Predicting Recovery and Outcome After Pediatric Stroke: Results from the International Pediatric Stroke Study
To characterize predictors of recovery and outcome following pediatric arterial ischemic stroke, hypothesizing that age influences recovery after stroke.
We studied children enrolled in the International Pediatric Stroke Study between January 1, 2003 and July 31, 2014 with two‐year follow‐up after arterial ischemic stroke. Outcomes were defined at discharge by clinician grading and at two years by Pediatric Stroke Outcome Measure (PSOM). Demographic, clinical, and radiologic outcome predictors were examined. We defined changes in outcome from discharge to two years as recovery (improved outcome), emerging deficit (worse outcome), or no change.
Our population consisted of 587 patients, including 174 with neonatal stroke and 413 with childhood stroke, with recurrent stroke in 8.2% of childhood patients. Moderate to severe neurological impairment was present in 9.4% of neonates vs 48.8% of children at discharge compared to 8.0% vs 24.7% after two years. Predictors of poor outcome included age between 28 days and one year (compared to neonates, OR 3.58, p<0.05), underlying chronic disorder (OR 2.23, p<0.05), and involvement of both small and large vascular territories (OR 2.84, p<0.05). Recovery patterns differed, with emerging deficits more common in children under one year of age (p<0.05).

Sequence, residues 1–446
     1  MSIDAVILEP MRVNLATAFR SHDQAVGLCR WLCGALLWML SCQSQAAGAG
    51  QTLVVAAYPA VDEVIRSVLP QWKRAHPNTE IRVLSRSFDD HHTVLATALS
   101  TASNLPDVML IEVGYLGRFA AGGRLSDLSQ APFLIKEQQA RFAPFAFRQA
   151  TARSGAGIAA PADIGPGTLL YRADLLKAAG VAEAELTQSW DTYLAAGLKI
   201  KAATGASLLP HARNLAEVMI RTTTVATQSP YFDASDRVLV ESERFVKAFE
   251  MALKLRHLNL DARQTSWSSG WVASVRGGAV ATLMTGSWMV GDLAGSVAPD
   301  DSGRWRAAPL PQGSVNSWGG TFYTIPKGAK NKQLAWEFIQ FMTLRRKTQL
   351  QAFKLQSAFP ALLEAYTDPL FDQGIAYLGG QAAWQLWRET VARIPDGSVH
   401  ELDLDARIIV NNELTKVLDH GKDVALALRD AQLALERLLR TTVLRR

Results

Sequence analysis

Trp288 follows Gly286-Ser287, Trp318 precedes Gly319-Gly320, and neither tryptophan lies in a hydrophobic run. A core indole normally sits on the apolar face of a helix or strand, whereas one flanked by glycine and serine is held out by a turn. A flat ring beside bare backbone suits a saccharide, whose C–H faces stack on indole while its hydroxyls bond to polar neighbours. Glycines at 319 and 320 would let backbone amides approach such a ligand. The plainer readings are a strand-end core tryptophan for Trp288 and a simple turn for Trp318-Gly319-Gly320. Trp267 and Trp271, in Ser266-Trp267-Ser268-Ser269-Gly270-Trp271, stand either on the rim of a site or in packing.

Outcomes after pediatric stroke are generally favorable, but moderate to severe neurological impairments are still common. Age between 28 days and one year appears to be a particularly vulnerable period. Understanding the timing and predictors of recovery will allow us to better counsel families and target therapies to improve outcomes after pediatric stroke.
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